There have been many invasions and settlements of this island since the time of Milesius. Danish, Norman French, English and today’s diverse melange of immigrants from around the globe, to many of whom perhaps Éire is again, Inis Fáil, the Isle of Destiny. Irish poets since Amhairghin have imagined Éire as a woman, the goddess mother who nourishes and holds us in her verdant embrace. The notion of Éire as a woman who had been sullied and raped by British occupation was a cogent feature of Irish poetry in both Gaelic and English. Yeats, conjuring the nationalist spirit, memorably asks’

‘did some woman’s yellow hair madden every mother’s son?’

Éire, the blond-haired maiden, rouses her children to fight for her.
British imperialist thinkers often exploited Ireland’s mythological femininity to justify their ‘masculine’ Anglo-saxon rule. In the stultifying climate of early post-independence Ireland, the gallant role of women in the struggle for national self- determination exemplified by the militant Cumann na mBan,(association of women) was often played down. De Valera described Cumann na mBan as ‘unmanagable revolutionaries’.

The patriarchal Catholic Church was always less than sympathetic to the veneration of the daughters of Eve, other than in her de-sexualised form as the Virgin Mother. But the passive de-sexualised goddess contained in the oriental idea of the Virgin Mother is quite foreign to the conception of women and goddesses in Celtic mythology. The Irish Achilles, Cúchullainn, was himself trained by a female warrior called Scathách. Irish mythology abounds in stories of women warriors such as the intrepid Queen Maeve of Connaught who took on the men of Ulster, which is recounted in the epic saga ‘An Táin Bó Cuaillgne’ The Cattle Raid of Cooley.

Maybe some of the points I have made might explain why foreign women often refer to Irish ladies as ‘ tough’. It might just be a ‘celtic’ phenomenon. I like to think of the celtic woman as a proto-feminist, a feral, audacious freedom-fighter. And what then if we ask the question concerning truth? Who is Éire and how can we know her? If with Nietzsche, we contend that there are no historical truths, just descriptions, then we should say we will never know all of Éire, however skilled or seemly our methods are of winning her.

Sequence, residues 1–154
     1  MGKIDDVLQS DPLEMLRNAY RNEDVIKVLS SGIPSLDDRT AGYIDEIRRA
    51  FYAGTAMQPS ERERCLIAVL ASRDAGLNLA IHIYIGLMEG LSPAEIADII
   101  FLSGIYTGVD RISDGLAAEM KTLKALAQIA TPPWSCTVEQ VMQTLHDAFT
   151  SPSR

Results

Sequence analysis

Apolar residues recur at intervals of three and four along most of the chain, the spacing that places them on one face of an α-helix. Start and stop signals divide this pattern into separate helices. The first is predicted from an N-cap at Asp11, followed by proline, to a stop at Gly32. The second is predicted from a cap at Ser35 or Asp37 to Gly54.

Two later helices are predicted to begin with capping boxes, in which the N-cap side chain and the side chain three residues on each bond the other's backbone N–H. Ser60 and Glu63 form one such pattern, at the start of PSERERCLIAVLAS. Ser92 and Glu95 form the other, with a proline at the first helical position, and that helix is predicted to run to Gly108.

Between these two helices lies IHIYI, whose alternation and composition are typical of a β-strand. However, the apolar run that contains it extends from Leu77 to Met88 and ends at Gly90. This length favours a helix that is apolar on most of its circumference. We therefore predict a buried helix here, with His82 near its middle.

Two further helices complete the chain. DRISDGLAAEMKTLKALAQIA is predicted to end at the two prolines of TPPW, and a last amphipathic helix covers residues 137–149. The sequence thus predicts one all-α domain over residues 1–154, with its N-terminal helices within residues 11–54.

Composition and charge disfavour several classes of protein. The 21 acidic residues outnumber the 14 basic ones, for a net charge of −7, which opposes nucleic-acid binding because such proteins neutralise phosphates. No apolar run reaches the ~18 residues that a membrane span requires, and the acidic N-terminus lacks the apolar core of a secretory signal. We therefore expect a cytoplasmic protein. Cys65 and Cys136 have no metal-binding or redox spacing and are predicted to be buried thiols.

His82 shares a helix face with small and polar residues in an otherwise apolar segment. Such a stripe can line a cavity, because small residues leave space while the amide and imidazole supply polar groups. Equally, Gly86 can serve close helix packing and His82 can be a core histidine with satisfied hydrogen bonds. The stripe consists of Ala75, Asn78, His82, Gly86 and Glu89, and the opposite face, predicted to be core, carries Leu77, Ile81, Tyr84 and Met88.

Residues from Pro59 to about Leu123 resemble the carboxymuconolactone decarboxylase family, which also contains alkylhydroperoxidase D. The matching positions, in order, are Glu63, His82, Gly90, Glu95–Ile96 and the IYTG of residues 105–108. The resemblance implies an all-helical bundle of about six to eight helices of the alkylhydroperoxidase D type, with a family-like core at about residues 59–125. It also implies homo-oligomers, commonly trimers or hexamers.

Impireacht mhéiriceá: Cinniúint sholéir nó tragóid dhomhanda?

Tagann na pictúirí uasfásacha ar an scaileán beagnach gach lá faoi láthair ach ní thugtar aire dóibh a thuilleadh. Táimid clóite leis na tuairiscí faoi ionsaí sceimhlitheoireachta. Eiríonn muid bréan den scéal anniseach céanna gan stad gan staonadh ón tír mhíámharach súid darb ainm An Iaráic. Tír báite i bhforéigean, scriosta le coimhlint inmheánach. An Iaráic, cliabhán na sibhíaltachta anallód, blár na n-ainghníomha sa lá atá inniu ann. Óna firicí atá acu faoin gcogadh súid atá siad á chailliúnt, dealródh sé craicáilte go mbeidís chun níos mó trupaí a sheoladh chun na réigiún, ach is é sin atá ar intinn ag Uachtarán Bush anois cé go bhfuil easaontas á taispeáint sa Washington i measc na seanadóirí eile. Ní he sin amháin atá á chur isteach ar pholaiteoirí agus ghníomhaithe frithchogaidh araon, áfach, tá raflaí ag bailliu nirt le fada an lá go bhfuil sé ar intinn ag Bush agus a chomhrádaithe sa tionscnamh ‘New American Century’ ionsaí a dhéanamh ar Iaráin chomh maith. An bhfuil an t-uachtarán as a mheabhar? An bhfuil muid ag caint faoi Caligula nó Nero eile anseo? Cen casus belli bréagach, cén bholscaireacht bhithiúnta a gcruthofar chun dullamullóg a chur ar mhuintir mheiriceá go bhfuil iomghábh ann maidir le hIaráin?